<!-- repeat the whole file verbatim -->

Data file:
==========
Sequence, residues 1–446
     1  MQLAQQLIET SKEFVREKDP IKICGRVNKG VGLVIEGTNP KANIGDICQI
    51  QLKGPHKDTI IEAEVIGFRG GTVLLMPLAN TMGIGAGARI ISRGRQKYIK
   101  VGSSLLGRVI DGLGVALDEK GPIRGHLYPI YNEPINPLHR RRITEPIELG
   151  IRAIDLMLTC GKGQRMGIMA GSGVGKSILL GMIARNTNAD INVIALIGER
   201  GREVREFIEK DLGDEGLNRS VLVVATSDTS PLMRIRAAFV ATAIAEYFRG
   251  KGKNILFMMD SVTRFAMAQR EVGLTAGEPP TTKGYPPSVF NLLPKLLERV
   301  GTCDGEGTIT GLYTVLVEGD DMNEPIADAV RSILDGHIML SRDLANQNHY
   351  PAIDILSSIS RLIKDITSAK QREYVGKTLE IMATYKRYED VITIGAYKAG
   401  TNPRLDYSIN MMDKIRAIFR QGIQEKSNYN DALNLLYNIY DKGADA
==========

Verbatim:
Sequence, residues 1–446
     1  MQLAQQLIET SKEFVREKDP IKICGRVNKG VGLVIEGTNP KANIGDICQI
    51  QLKGPHKDTI IEAEVIGFRG GTVLLMPLAN TMGIGAGARI ISRGRQKYIK
   101  VGSSLLGRVI DGLGVALDEK GPIRGHLYPI YNEPINPLHR RRITEPIELG
   151  IRAIDLMLTC GKGQRMGIMA GSGVGKSILL GMIARNTNAD INVIALIGER
   201  GREVREFIEK DLGDEGLNRS VLVVATSDTS PLMRIRAAFV ATAIAEYFRG
   251  KGKNILFMMD SVTRFAMAQR EVGLTAGEPP TTKGYPPSVF NLLPKLLERV
   301  GTCDGEGTIT GLYTVLVEGD DMNEPIADAV RSILDGHIML SRDLANQNHY
   351  PAIDILSSIS RLIKDITSAK QREYVGKTLE IMATYKRYED VITIGAYKAG
   401  TNPRLDYSIN MMDKIRAIFR QGIQEKSNYN DALNLLYNIY DKGADA